As we’ve said any number of times, having an online presence and online advertising have become crucial to fashion and luxury brand retailers.
Yes, it’s early days and I hate to be the one to mention it first, but retail planning for Christmas is well underway and, as we discussed before, online shopping has become the second most common shopping choice outside of the traditional trip to Dublin city centre. Even when it comes to decision making, 43% of ‘urbanites’ browsed online for gift ideas – compared to just 27% claiming to look in gift guides (and let’s be honest, 99% of those gift guides are probably either Argos or ToysR’Us catalogues).
Our own ‘State of the Nation’ national survey found that 38% of us planned to look for better bargains online this year, while a huge 53% plan to do more research online this year before buying a product. Among the typical retail high-street target market (females 18-34), a whopping 65% are researching online more than they did in 2010. 15% of them also planned to spend more online this year when we asked them at the start of the year. By way of comparison, the same women planned on cutting all other expenditure across the board from coffee to electronics.
All of this has created some very interesting shopping patterns among consumers as we move towards Christmas 2011:
- Consumers are coming into fashion retail stores knowing exactly what they want to see because they’ve already checked it out online.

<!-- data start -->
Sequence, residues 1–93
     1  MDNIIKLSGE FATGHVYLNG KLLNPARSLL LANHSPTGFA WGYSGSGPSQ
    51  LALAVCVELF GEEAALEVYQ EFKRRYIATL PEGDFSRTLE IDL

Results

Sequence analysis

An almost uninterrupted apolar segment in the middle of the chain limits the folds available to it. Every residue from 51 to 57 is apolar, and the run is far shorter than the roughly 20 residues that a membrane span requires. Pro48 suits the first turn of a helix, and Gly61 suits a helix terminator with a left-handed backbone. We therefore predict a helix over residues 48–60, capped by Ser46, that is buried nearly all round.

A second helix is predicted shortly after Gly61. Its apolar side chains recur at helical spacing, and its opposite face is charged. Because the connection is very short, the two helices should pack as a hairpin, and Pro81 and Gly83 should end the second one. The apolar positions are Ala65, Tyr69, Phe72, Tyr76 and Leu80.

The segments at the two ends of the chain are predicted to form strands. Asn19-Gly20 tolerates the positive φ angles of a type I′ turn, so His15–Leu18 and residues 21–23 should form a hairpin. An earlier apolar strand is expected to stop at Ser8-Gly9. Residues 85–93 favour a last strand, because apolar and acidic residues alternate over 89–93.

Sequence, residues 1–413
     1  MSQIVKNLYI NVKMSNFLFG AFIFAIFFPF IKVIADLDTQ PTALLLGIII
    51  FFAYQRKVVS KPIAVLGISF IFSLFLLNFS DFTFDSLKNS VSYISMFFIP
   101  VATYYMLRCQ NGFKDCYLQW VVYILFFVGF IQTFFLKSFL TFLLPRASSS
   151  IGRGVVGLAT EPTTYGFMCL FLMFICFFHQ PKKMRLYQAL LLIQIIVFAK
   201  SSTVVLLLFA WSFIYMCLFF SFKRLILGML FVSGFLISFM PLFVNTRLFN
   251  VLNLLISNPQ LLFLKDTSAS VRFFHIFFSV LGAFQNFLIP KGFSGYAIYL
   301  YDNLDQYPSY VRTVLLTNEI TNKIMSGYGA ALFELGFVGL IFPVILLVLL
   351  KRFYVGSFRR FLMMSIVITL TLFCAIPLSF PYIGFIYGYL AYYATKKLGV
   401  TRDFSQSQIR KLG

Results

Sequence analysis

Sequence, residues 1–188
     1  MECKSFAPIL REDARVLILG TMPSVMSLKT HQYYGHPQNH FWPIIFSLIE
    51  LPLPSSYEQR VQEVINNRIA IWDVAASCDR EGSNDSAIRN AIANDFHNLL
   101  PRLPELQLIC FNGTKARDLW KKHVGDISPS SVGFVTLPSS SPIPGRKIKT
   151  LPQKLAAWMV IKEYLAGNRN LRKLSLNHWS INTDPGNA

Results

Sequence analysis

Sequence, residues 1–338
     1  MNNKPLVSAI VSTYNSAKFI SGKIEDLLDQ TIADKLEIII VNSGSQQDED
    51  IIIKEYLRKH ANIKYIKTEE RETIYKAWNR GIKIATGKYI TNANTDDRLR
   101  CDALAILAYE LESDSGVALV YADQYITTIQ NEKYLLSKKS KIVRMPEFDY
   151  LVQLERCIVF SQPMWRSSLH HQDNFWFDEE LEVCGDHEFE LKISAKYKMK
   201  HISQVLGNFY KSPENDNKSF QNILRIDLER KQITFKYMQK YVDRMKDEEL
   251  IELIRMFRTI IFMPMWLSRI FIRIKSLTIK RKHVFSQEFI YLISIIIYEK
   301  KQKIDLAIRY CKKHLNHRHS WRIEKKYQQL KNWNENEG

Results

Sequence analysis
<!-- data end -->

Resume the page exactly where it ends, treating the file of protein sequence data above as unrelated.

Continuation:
- Likewise, consumers (particularly in the area of electronics) are using retail units as browsing device – interacting with the products – before looking for the cheapest offering of that product online.
The instant gratification consumer and the impulse buyer have long scarpered. The small pangs of guilt previously associated with such purchasing behaviour has grown to the point were the pain outweighs the pleasure.
It’s not just the consumer behaviour that reflects this sudden dislike of conspicuous consumption amongst a nation who embraced it so enthusiastically during the Celtic Tiger years. Fashion itself is reflecting this mindset. The handbags and logos got smaller – instead of the dogs. And you can forget the NASDAQ, if the Hemline Index is to be believed then we are still going to be in recession at least until Spring 2013.
The move (note I said move not ‘trend’) to shopping online, makes it clear that online advertising needs to be a major part of fashion retail campaigns. But combine it with the trend for inconspicuous consumption and you can see that online advertising and retailing is a natural fit for consumers where retailers can really reap rewards (and loyal customers). At a time when consumers need a lot more information before making an informed purchase, online is a medium which can communicate the amount of information they need, and ensure that they don’t feel any guilt about buying your products.
Image by Permanently Scatterbrained on Flickr Creative Commons